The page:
What to do if an airline damages or destroys your luggage

I'm standing at the baggage carousel waiting for mine to arrive and there's a soft-sided case that's been gutted. Zipper ripped open, contents bulging out the sides like an overstuffed sandwich, it's held closed with a couple of wraps of gaffer tape, and I can't help thinking that's probably not the way it was when its owner fronted up to the check-in desk.

The baggage handling business is a rough and tumble world. Dents and scuffs are the order of the day. Most passengers will shrug them off. Airlines specifically disclaim responsibility for damage that results from inferior workmanship, and also for regular wear and tear, including cuts, scratches, dents and damage to a case that results from overpacking. But if the damage is more severe, you may be entitled to compensation.

What's your entitlement?

In regard to airline passengers' rights, most airlines are governed by the Montreal Convention of 1999. Article 17 of the convention states: "The carrier is liable for damage sustained in case of destruction or loss of, or of damage to, checked baggage, provided the damage occurred while that baggage was in the charge of the carrier." The same article also stipulates that "baggage" applies to both checked and unchecked baggage.

That's pretty watertight. In Article 22 the convention also stipulates: "In the carriage of baggage, the liability of the carrier in the case of destruction, loss, damage or delay is limited to 1000 Special Drawing Rights for each passenger."

SDR is a fluctuating index based on a basket of international currencies. At the current SDR rate, that entitles you to a maximum compensation of $1960. While that's generous, even a completely destroyed bag is not going to see you walk away with anything within cooee of that sum. The best you can hope for is replacement value.

Most major airlines will usually play fair and square in the matter of compensation for damaged luggage. If they don't your recourse under the convention is a legal one, and the airline knows very well you're unlikely to take that path given that the convention also states that, "In any action for damages… punitive, exemplary or any other non-compensatory damages shall not be recoverable." The most you could hope to get under the convention therefore would be the replacement value of your luggage, up to a maximum of those 1000 SDRs.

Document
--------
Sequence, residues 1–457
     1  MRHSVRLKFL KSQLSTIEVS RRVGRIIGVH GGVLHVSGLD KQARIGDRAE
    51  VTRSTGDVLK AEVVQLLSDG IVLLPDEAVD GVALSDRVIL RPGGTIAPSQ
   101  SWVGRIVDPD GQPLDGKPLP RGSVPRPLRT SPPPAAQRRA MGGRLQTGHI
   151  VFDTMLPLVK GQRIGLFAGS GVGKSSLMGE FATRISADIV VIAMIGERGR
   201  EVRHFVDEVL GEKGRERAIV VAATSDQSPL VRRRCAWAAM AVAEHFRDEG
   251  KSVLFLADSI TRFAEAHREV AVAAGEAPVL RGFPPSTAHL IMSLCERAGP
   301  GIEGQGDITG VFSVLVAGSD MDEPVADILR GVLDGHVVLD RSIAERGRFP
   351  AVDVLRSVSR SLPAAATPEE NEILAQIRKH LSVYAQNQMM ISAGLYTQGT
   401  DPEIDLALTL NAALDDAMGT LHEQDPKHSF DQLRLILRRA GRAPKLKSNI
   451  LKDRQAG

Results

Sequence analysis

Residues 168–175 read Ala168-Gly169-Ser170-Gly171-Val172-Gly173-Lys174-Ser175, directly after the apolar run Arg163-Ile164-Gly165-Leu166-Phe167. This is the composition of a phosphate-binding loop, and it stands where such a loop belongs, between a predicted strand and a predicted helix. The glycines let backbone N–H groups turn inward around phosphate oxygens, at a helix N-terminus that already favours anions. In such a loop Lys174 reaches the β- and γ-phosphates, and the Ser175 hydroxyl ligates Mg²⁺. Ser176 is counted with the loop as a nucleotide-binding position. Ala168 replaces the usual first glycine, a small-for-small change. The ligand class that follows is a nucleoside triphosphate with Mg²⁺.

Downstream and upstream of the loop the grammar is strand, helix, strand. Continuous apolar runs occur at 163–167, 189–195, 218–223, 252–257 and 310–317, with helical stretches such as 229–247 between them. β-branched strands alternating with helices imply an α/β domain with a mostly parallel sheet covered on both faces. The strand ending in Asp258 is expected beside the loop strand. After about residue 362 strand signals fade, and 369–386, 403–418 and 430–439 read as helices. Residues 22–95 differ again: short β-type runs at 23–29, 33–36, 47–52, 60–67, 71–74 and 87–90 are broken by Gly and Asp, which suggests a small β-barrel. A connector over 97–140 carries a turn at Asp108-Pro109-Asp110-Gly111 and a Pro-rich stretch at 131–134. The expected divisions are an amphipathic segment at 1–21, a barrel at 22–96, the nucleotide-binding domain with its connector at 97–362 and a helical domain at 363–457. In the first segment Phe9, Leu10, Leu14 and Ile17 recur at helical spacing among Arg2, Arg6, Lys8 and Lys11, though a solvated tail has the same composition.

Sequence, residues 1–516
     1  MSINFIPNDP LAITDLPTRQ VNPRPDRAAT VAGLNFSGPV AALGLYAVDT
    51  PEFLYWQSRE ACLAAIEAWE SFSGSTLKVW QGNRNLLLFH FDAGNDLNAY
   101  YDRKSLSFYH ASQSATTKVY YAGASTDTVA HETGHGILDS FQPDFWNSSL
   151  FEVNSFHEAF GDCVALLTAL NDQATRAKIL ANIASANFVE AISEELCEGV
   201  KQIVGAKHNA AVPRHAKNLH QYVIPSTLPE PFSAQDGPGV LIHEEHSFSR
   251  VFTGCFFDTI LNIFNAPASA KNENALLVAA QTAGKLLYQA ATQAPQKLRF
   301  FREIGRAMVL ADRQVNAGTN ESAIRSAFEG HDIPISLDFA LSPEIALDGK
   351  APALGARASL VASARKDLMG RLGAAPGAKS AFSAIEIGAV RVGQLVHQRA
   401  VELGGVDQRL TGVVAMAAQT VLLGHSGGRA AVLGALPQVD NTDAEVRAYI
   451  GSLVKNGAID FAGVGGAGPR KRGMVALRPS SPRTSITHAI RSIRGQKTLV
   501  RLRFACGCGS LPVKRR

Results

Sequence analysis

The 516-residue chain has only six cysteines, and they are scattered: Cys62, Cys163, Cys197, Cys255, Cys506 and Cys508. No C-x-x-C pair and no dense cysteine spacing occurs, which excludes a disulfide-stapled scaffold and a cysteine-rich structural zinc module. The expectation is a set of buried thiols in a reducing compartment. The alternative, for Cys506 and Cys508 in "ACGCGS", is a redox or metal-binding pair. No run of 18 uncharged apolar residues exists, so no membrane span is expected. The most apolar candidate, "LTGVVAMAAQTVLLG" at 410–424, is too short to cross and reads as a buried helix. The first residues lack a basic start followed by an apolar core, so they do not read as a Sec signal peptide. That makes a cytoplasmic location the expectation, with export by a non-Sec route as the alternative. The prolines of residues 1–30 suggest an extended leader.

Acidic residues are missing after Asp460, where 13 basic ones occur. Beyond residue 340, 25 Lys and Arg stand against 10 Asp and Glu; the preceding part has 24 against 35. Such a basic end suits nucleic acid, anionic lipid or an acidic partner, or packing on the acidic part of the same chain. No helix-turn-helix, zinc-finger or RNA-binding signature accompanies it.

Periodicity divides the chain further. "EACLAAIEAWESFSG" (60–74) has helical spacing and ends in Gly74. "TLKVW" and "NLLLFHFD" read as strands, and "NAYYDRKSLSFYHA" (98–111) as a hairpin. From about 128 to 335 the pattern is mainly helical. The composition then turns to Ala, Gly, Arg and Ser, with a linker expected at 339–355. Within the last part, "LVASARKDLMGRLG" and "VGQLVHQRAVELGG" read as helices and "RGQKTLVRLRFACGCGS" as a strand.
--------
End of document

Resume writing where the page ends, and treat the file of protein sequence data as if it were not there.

Getting redress

As soon as you've heaved your case off the carousel and ascertained the damage, head straight for the baggage claim office and get a written report to back your claim. Staff there should fill out a Property Irregularity Report and give you a copy, however this might be difficult or even impossible if you've just landed at a small third-world airport.

Evidence is crucial. Keep your baggage tags, your boarding pass and while you're still in the baggage claim area, take photos of the damaged case. Lots and lots of photos. Since a before-and-after comparison lends credibility, it will also help your claim if you've photographed your bag at the check-in desk.

Don't delay. Article 31 of the Montreal Convention requires that damage must be reported in writing to the airline within seven days after the damage occurs. However, some airlines apply a much stricter time limit, which can be a matter of hours in the case of some domestic carriers. According to Qantas the time limit for reporting a damaged bag is three days in the case of a domestic flight.

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Travel insurance

If you've received compensation from the airline, even if it's small, you can't claim against your travel insurance. If your airline won't come to the party this is going to be your last resort. Travel insurers generally take the view that when baggage was damaged while in the care of an airline it's up to the airline to provide compensation.

If you fail to get satisfaction from your airline, you might then turn to your travel insurer but insurers have limits on the amount they'll pay out for a damaged case and it can be as low as $250. Your insurer might ask for the original receipt, and they'll probably depreciate the value of the item.

At the end of the day, the amount an insurer might be prepared to offer for the damage to a suitcase you bought for $350 four years ago is probably going to be less than the excess on your policy.

See also: US airport security trashed my bag and then taped it back together

See also: The worst part of flying is the idiots at the baggage carousel

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